Artwork of fey-creatures and shape-shifters for your appreciation:
• Bacchanalian Scene
by Richard Dadd
My first glimpse of this painting was as thumbnail image of the cover of Loreena McKennitt's To Drive the Cold Winter Away
, and I was immediately captivated. I'm seriously considering this image for my first tattoo. Thalia Took
, an artist herself, has scribed some beautiful and entirely apropos words to describe his work:
Dadd was a Victorian fairy painter who in his early twenties developed schizophrenia/severe bi-polar disorder and then murdered his father. He spent the rest of his life in an institution, where he continued painting. Some, not all, of his paintings have a fey, alien quality to them. The best I can say is that his humans are not human, and have a genuine wildness to them, a deep unconsciousness, impartial and malevolent, like looking into the eyes of a leopard. Gorgeous yet disturbing. Very compelling.
I doubt that I could have described it better myself.
• The Bacchante
or Head of a Woman with the Horns of a Ram
by Jean-Léon Gérome
This painting verges on being stark, but the delicate folds in the Bacchante's sleeve and the aching curves of the horns endow it with a surprising sensitivity.
by Dorothea Tanning
I had the pleasure of discovering this painting in person at the Philadelphia Museum of Art where it inhabits the Modern and Contemprary Galleries. This .jpeg reproduction does the painting little justice. While it is a surrealist self-portrait, it nevertheless seems to possess the taint of fey. The artist, in her tendril-adorned dress, reveals a series of open doors stretching to infinity. Her strange, winged familiar is poised by her feet.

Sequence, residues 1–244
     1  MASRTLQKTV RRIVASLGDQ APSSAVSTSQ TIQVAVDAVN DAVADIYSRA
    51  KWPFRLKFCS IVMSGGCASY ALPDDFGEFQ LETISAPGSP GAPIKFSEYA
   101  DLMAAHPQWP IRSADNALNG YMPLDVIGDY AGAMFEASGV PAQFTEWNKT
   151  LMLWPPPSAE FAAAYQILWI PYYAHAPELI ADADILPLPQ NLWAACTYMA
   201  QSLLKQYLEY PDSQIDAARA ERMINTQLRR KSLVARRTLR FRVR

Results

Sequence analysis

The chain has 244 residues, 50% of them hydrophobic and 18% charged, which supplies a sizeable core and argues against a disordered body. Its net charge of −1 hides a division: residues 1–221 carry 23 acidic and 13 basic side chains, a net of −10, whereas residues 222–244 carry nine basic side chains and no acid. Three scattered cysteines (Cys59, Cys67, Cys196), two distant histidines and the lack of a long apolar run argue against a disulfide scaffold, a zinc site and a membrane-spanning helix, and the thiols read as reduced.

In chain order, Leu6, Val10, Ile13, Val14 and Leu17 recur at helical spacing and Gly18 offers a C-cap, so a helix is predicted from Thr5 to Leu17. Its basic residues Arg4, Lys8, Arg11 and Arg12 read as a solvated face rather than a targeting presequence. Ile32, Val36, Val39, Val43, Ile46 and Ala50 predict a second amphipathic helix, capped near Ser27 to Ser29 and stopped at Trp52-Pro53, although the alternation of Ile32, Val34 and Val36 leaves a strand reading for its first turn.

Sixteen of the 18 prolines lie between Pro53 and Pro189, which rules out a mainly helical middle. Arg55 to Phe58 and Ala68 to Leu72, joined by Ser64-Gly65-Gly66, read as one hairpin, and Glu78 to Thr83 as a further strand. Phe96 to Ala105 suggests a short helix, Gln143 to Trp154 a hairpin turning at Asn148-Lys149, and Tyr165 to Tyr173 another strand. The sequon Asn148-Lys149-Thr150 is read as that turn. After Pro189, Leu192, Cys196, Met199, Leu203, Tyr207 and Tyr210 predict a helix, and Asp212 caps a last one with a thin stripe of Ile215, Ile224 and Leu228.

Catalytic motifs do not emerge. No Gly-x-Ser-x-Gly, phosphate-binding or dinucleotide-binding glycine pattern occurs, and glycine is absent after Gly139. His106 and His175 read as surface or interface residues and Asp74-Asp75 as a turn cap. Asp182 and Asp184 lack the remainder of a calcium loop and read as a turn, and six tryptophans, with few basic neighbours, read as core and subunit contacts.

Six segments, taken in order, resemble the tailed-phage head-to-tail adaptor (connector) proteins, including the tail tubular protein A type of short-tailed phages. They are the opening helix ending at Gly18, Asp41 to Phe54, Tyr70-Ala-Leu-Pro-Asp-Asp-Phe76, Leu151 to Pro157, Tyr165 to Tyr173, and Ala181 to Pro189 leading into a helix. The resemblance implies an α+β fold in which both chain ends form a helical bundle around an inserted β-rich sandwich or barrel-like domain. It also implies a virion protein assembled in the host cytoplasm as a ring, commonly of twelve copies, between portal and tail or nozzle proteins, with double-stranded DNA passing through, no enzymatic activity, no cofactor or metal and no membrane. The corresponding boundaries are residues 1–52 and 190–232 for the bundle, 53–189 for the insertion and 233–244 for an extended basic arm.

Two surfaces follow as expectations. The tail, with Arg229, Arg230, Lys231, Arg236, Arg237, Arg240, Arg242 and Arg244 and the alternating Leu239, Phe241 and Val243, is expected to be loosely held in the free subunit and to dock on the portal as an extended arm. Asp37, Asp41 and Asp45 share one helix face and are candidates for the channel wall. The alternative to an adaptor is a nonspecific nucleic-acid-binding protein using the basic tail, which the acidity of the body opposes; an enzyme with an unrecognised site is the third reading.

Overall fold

, and Rabbit
by Sam Weber
I discovered the work of this artist in the 2006 Illustration annual of Communication Arts
magazine. I am enamored with his technique of rendering trees, a method which gives the impression that he glues elegant pieces of driftwood directly to the paper. Upon visiting his website, I was delighted to find animal-people among his subjects. His sketch of "Rabbit" reveals something of a trickster character. (I couldn't resist including "Deer" in this list, because, well - it's an illustration of deer
by Forest Rogers
I was guided to the remarkable work of Forest Rogers
some time ago through a link on the Endicott Studio webpage, but I had not visited her site recently (shame on me!). I was again guided back to her amazing figurative sculptures/art dolls through the Endicott Studio and discovered this piece which especially tugs at my heartstrings: Flidais a simply gorgeous
rendition of a WhiteDeerWoman. She is the artist's vision of a Celtic Goddess of wild creatures and sexual potency. Be sure to view all of the photos in this gallery otherwise you may be apt to miss some lovely details. Her feet are particularly well conceived - at first glance it might appear as if she simply has her toes curled in an interesting fashion, but this is not the case. Her creations possess a Pre-Raphaelite beauty which I really appreciate, and her commentary is also intelligent. She has an all-around great website which I highly recommend.
by Lou Rogers
This remarkable painting was created by sculptor Forest Roger's late mother. Evidently artistic talent runs in the family!
• First Blessing
by Dawn Wilson-Enoch
Fresh out of college Dawn
emerged as a fantasy book cover illustrator. Although she gained renown for her work in that field, the type of art required of her in that career became spiritually draining. She now creates visionary paintings and jewelry based upon the landscape surrounding her New Mexico home. First Blessing
is a piece partially inspired by the work of another artist enchanted with the desert southwest, Windling's novel The Wood Wife